At the very least, the M's at Chez Shea had the marquee inter-league game of many a Monday evening. Starters Hernandez and the Mets' splendid lefty, Johan Santana, each had Cy Young-like numbers their most recent few starts. Every TV set in their natal Venezuela (and maybe even a few back in Seattle) must've been tuned in.

It had been a week that already seemed like half a season, since M's brass had dispatched general manager Bill Bavasi, replacing him with an interim decision-maker, 29-year company man Lee Pelekoudas. Ichiro Suzuki had been moved back to his apparently beloved right-field position. Starter Carlos Silva, tossed for potty-mouthing an ump June 16, lost again June 22. He hasn't won in his past 12 performances, yet another reason many will refrain from lamenting the departure of Bavasi, who signed Silva to a $48 million, four-year deal in December.

That takes us back to Bavasics. During his nearly five-season tenure, Bilked Bill seemed to have bought everything but the Ballard Bridge. The club's 2008 payroll of $117 million is about 20 percent greater than what it was in 2001, when the M's won 116 games. The way it's going, they could lose that many this year. As for losing, Bavasi oversaw the departures of Jamie Moyer, Carlos Guillen, Randy Winn, Adam Jones, George Sherrill, and at least a half-dozen others who have been productive elsewhere. In fairness, many who left were worthless as ballplayers. Unfortunately, many of them had been Bavasi acquisitions: Carl Everett, Jeff Weaver, Scott Spiezio, Horacio Ramirez, Pokey Reese, etc.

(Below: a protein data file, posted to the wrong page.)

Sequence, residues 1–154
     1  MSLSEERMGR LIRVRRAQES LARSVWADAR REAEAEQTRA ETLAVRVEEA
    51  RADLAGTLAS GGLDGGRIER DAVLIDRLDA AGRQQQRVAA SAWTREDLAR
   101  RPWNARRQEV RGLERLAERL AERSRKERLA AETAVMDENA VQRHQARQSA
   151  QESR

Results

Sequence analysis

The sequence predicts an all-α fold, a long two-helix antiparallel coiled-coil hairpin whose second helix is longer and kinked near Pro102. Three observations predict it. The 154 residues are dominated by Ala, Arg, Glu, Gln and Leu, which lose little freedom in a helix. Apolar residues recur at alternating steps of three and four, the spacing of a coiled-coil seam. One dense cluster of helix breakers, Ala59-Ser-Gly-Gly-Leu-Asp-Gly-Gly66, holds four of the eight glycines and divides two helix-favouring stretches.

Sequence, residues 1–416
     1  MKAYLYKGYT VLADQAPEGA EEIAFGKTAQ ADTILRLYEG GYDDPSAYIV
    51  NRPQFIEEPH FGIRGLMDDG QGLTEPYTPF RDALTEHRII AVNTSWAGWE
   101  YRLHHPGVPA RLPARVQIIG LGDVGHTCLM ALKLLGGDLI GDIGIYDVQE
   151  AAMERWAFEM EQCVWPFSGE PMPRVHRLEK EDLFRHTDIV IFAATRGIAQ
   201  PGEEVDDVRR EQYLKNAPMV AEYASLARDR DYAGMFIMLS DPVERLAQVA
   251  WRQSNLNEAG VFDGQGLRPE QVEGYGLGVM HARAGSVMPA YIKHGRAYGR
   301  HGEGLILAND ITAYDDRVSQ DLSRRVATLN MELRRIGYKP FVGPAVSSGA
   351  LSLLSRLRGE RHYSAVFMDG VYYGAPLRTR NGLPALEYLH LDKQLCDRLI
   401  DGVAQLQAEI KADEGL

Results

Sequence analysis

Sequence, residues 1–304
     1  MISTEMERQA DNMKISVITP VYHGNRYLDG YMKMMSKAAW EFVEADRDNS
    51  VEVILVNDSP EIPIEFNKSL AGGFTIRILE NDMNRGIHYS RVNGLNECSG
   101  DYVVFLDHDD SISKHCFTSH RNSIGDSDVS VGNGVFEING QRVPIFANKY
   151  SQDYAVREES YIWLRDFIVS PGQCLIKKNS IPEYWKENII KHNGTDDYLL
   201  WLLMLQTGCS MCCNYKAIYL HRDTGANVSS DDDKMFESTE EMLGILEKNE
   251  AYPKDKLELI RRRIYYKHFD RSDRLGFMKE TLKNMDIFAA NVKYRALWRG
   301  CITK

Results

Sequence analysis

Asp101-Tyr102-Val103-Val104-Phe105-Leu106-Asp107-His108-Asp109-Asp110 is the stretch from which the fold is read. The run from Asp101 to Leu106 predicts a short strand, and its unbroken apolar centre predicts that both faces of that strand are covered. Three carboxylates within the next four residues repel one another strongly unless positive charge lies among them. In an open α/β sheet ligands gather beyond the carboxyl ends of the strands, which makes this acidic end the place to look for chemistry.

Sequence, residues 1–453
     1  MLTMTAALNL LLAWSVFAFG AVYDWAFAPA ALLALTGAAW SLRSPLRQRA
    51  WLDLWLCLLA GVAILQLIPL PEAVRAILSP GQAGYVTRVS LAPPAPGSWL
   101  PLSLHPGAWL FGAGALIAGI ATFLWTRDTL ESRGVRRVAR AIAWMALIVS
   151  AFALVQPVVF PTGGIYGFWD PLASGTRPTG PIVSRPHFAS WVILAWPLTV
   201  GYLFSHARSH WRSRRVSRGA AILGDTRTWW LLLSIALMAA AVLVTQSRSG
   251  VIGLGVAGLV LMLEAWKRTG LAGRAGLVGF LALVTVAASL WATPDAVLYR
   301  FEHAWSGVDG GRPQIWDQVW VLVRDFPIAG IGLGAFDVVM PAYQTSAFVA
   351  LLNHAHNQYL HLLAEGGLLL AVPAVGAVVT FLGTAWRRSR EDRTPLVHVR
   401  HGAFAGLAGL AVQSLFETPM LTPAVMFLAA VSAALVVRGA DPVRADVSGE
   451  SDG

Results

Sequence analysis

It would be terrific if fans could imagine that a change at the critical G.M. position would result in an immediate turnaround. It won't happen. For one, M's brass noted during their June 16 press conference that there's no point signing a permanent Bavasi successor until after post-season play is completed in late October.

As for the remainder of what many (this observer included) believed would be a pennant-chase year, team CEO Howard Lincoln said: "Everything is on the table." Well, not quite. One imagines Ichiro, the team's best attendance bait, Hernandez, and young gun Brandon Morrow are among the few untouchables on the roster. Possibly middle-infielders Jose Lopez and Yuniesky Betancourt are safe.

The problem with moving certain other players is that the team would have to absorb significant losses. Richie Sexson, who actually has raised his batting average modestly, would be owed about half of his $15.5 million salary if he were released today. If there were any interest by potential pennant-contenders in, say, Adrian Beltre or Raul Ibanez (or, less likely, Kenji Johjima), it no doubt would leave the M's having to pick up parts of the salaries. Arthur Rhodes, who earned the save against the Mets June 23, could draw some attention, but his departure would leave the team with little left-handed relief out of an already beat-up bullpen.